Consoles for playing video games and reproducing media such as movies have increasing become a part of home entertainment. Initial consoles, while enjoyable, were somewhat limited in processing power and graphical capabilities. Over time, however, consoles have significantly increased in power and capabilities and now provide significant levels of immersive entertainment. Thus, like home computers, individuals have come to expect to purchase a console for use in home entertainment.

Home entertainment, it should be noted, encompasses more than playing video games. Home entertainment includes the ability to play movies and music and to provide other capabilities as dictated by software. Thus, a console can provide significant home entertainment value.

Consoles, while sharing certain similarities with home computers, are unique because of the environment in which they work. Modern consoles have powerful processors and sophisticated video and sound reproduction capabilities. Consoles can be used to reproduce movies and music in addition to playing games that are highly immersive. Consoles, however, like other powerful computers, generate significant amounts of heat that typically must be removed by the use of heat transfer system such as one or more fans that creates an air flow suitable for transfer of the heat via convection. Therefore, sound generation is a significant issue for consoles because background noise generated by fans is undesirable. Thus, while a processor in a console still generates heat, the heat must be handled in a more elegant fashion than is typical for most home computers.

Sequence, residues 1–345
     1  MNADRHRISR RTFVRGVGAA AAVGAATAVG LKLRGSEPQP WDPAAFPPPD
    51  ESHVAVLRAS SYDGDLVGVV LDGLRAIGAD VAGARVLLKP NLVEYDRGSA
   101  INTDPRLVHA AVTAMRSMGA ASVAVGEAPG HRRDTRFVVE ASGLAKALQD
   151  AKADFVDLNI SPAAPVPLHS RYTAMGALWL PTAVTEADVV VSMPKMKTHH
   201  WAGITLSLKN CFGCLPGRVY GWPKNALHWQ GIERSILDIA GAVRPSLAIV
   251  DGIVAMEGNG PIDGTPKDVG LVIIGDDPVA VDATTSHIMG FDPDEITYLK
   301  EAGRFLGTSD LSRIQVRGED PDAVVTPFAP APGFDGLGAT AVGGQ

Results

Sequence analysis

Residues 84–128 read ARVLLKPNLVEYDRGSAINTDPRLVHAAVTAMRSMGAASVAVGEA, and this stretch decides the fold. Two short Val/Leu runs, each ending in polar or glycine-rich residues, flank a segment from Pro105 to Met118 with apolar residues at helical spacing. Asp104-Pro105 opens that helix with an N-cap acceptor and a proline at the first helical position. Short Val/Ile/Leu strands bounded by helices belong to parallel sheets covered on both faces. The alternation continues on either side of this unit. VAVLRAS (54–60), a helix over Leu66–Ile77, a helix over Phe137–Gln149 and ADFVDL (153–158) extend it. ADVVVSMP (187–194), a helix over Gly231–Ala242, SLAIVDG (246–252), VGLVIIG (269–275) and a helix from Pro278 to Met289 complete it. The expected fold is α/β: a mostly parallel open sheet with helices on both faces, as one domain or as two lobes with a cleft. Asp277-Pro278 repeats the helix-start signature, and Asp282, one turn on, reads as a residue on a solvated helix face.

Part of the reason for the need for a more elegant design is that consoles tend to be packaged in smaller housing than most home computers. Thus, unlike a typical computer packaged in a tower case, the console, while containing many similar components, is packaged in a relatively compact space. Often there is little or no extra space within the console. Accordingly, upgrades to a console are more challenging than upgrades to a home computer.

SUMMARY

A console is configured to include an outer housing that provides a relatively slim and attractive profile. The outer housing has a number of sides, including a front side, a left side and a right side. A panel on a side of the console is removable and covers a recessed surface and a cable receptor. A hard disk drive (“HDD”) is provided in a HDD module that is configured to removably mount in the recessed surface so that a cable connector extending from the HDD module mates with the cable receptor during installation. A portion of the HDD module extends beyond the recessed surface so as to modify the profile of the console when the HDD module is installed. Thus, a user can purchase a console without a HDD and later purchase a HDD upgrade that is readily installed by the user and the HHD upgrade can provide visual clues that the console has been upgraded.